Our Kind of Traitor

Barack Obama has given Chelsea Manning something close to a presidential pardon.

The New York Times:

WASHINGTON — President Obama on Tuesday largely commuted the remaining prison sentence of Chelsea Manning, the army intelligence analyst convicted of an enormous 2010 leak that revealed American military and diplomatic activities across the world, disrupted the administration and made WikiLeaks, the recipient of those disclosures, famous.

The decision by Mr. Obama rescued Ms. Manning, who twice tried to kill herself last year, from an uncertain future as a transgender woman incarcerated at the men’s military prison at Fort Leavenworth, Kan. She has been jailed for nearly seven years, and her 35-year sentence was by far the longest punishment ever imposed in the United States for a leak conviction.

The act of clemency could be seen as a reversal, at least in part, of the Obama administration’s unprecedented criminal crackdown on leaking: The administration has brought charges in about nine cases, about twice as many as under all previous presidents combined.

Was Chelsea Manning a traitor? Of course, she was. But we live in traitorous times.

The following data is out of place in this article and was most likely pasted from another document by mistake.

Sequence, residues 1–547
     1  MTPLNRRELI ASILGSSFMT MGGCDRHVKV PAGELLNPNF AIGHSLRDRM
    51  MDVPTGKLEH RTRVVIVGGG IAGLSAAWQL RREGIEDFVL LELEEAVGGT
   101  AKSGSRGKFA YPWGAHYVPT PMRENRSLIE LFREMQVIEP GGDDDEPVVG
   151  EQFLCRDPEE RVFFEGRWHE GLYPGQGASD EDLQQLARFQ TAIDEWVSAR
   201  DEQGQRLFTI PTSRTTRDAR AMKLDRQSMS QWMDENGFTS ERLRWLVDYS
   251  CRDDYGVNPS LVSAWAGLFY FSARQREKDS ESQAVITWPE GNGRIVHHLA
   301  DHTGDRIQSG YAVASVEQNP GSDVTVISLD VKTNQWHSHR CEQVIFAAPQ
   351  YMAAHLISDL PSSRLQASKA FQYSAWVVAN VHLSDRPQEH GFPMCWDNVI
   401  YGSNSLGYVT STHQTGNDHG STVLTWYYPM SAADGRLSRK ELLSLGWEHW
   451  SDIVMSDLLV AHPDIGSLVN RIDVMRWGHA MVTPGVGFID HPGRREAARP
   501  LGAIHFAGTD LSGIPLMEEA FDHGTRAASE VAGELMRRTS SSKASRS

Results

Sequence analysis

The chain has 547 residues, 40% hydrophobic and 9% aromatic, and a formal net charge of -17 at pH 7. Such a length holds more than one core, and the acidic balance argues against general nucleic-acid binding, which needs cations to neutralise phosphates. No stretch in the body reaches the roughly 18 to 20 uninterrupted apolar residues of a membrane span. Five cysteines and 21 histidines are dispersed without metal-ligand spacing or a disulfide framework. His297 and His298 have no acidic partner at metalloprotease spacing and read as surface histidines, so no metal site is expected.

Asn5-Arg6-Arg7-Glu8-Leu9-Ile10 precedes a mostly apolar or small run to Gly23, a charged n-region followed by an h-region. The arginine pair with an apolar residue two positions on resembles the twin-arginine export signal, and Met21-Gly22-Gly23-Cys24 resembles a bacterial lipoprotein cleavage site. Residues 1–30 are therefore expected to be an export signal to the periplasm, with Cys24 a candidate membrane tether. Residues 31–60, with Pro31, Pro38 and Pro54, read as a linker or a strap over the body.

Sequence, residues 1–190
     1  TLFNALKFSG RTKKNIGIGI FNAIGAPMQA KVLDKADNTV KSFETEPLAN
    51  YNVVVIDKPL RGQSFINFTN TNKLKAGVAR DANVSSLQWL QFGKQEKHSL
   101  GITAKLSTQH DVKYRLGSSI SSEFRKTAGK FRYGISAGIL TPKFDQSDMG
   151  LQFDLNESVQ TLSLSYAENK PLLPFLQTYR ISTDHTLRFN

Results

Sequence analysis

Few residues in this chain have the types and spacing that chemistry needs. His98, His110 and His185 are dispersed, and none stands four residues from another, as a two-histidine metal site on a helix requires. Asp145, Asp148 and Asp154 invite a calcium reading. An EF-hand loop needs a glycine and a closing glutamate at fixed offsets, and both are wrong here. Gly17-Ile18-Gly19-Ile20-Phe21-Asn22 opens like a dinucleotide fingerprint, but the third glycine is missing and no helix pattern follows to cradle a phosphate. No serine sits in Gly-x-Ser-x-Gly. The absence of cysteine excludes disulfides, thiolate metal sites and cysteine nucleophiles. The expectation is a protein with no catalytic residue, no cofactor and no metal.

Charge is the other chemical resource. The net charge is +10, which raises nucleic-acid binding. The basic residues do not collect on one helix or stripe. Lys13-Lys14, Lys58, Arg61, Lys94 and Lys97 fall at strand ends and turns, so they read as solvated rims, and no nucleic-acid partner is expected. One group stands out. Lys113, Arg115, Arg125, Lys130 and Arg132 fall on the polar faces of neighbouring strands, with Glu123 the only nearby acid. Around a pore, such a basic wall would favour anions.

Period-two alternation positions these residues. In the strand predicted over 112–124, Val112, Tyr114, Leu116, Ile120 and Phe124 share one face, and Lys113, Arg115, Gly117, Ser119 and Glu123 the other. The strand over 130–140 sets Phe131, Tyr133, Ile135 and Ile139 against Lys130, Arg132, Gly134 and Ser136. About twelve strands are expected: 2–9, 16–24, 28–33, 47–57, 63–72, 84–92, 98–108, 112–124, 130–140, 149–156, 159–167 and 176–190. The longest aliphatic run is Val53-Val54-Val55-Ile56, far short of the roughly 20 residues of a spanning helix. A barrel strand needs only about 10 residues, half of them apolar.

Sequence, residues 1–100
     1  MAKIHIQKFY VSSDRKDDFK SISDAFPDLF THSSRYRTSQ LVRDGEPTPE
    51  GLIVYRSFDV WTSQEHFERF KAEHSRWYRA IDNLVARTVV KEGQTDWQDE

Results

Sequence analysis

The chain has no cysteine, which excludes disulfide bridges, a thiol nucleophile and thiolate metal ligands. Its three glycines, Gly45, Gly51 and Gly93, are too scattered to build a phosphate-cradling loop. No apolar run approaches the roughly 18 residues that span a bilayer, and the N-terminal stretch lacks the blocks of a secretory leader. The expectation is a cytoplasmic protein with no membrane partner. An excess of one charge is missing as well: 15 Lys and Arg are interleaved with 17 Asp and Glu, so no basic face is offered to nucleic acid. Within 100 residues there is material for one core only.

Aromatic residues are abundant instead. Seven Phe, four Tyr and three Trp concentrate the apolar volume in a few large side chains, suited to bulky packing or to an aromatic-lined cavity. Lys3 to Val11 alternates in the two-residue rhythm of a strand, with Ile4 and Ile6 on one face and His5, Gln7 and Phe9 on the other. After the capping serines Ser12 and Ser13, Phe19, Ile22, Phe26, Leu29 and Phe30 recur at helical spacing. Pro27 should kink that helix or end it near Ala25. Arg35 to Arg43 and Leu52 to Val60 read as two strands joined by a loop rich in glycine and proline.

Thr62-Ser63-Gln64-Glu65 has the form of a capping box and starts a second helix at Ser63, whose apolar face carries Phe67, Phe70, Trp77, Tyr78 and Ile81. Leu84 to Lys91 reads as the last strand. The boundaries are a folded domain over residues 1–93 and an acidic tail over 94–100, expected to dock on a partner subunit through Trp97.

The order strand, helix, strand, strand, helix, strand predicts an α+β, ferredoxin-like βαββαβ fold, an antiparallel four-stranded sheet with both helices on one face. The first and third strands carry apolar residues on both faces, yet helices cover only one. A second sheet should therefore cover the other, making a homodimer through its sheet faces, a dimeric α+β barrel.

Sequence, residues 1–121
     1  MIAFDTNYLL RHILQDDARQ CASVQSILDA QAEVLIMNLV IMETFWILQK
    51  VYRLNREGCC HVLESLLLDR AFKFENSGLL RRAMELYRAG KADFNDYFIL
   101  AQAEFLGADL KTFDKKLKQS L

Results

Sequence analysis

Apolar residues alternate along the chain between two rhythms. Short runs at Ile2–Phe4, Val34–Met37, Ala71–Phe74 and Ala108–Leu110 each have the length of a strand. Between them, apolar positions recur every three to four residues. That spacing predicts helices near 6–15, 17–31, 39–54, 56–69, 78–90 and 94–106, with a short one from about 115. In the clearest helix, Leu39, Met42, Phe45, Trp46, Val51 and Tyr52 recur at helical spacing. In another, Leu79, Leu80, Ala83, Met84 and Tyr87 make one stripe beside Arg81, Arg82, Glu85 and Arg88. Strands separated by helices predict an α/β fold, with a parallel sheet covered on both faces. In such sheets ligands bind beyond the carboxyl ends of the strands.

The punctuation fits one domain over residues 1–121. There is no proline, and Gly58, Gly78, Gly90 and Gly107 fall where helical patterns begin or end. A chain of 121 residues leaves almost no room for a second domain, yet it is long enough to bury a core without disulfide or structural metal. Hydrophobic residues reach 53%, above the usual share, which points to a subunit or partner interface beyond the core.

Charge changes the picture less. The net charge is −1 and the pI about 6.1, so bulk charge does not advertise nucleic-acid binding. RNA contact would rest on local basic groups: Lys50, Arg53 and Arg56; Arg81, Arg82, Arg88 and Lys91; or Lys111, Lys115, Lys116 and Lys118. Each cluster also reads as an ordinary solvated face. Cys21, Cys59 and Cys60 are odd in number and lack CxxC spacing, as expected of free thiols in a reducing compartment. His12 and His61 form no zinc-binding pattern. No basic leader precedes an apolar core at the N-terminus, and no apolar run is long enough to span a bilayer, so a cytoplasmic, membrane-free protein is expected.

Rightists get triggered by traitors. Rightly so. Add to this Manning’s sexual fluidity, and she . . . or he . . . or whatever . . . fits the bill as the ultimate right-wing punching bag: disloyal, perverted, un-American, etc.

We shouldn’t forget a few things, however.

Manning was heroically brave. She risked her life to oppose and expose a system she viewed as evil; she was ruthless enough to go through with a covert operation; she achieved success and willingly paid the price.

The system Manning opposed hates us, or rather it views us as material to be absorbed into global American mono-culture. Manning thus contributed to the de-legitimization of the American empire, just as she was a symptom of it.

The empire has created many victims and botched souls . . . sons sent home in bodybags or in dresses.

Manning was a victim who chose to fight back. That’s what we should remember.


Richard Spencer
the authorRichard Spencer
Richard Spencer is American Editor of; he's President of The National Policy Institute and founder of